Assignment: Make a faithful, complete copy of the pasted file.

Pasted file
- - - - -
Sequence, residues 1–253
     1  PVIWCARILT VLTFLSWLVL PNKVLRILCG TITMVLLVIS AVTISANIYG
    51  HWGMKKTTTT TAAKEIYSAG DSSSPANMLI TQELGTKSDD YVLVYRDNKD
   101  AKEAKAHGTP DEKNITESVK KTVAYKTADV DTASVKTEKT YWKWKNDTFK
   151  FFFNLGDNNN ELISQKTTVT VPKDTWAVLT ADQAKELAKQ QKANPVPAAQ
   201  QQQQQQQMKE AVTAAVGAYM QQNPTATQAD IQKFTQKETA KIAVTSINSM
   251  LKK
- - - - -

Sequence, residues 1–253
     1  PVIWCARILT VLTFLSWLVL PNKVLRILCG TITMVLLVIS AVTISANIYG
    51  HWGMKKTTTT TAAKEIYSAG DSSSPANMLI TQELGTKSDD YVLVYRDNKD
   101  AKEAKAHGTP DEKNITESVK KTVAYKTADV DTASVKTEKT YWKWKNDTFK
   151  FFFNLGDNNN ELISQKTTVT VPKDTWAVLT ADQAKELAKQ QKANPVPAAQ
   201  QQQQQQQMKE AVTAAVGAYM QQNPTATQAD IQKFTQKETA KIAVTSINSM
   251  LKK